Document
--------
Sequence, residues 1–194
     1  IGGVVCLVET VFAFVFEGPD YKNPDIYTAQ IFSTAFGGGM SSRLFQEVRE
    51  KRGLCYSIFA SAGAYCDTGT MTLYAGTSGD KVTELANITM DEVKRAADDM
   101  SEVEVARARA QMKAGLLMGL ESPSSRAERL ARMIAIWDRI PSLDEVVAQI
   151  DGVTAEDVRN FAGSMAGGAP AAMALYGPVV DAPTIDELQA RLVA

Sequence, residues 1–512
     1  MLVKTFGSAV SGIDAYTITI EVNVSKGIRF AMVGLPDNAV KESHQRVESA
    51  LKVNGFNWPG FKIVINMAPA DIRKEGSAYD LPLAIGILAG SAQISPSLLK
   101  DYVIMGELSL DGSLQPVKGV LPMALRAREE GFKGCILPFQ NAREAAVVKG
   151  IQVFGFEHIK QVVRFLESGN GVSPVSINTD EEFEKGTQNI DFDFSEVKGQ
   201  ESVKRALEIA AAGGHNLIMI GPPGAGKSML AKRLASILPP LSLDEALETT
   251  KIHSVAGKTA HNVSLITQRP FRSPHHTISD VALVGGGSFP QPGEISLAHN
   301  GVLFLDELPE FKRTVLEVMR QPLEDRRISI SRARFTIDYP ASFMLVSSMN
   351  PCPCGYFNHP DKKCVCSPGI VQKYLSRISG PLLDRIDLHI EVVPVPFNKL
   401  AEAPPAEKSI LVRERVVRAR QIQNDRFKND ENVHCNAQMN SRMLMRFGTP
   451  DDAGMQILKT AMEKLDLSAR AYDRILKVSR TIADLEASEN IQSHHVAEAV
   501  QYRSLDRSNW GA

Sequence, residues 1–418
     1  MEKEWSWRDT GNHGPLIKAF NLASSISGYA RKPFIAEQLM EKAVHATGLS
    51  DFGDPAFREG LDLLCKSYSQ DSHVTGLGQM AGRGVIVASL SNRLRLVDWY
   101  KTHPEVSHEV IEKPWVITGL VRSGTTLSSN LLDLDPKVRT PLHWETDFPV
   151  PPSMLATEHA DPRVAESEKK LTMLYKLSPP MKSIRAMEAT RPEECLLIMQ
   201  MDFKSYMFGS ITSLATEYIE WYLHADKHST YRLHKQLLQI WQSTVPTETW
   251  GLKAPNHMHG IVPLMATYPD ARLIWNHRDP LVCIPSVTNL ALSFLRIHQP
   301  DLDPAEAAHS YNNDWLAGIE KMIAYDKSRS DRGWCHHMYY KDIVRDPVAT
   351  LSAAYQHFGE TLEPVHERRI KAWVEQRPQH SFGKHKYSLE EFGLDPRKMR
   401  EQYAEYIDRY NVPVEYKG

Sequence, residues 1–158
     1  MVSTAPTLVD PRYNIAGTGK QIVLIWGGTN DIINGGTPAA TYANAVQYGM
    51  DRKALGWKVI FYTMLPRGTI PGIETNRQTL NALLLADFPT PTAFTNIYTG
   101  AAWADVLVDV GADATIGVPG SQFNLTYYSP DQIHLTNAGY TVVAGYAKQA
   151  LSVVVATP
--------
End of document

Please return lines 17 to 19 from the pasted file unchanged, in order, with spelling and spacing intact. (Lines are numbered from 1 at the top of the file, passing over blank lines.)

   501  QYRSLDRSNW GA

Sequence, residues 1–418
     1  MEKEWSWRDT GNHGPLIKAF NLASSISGYA RKPFIAEQLM EKAVHATGLS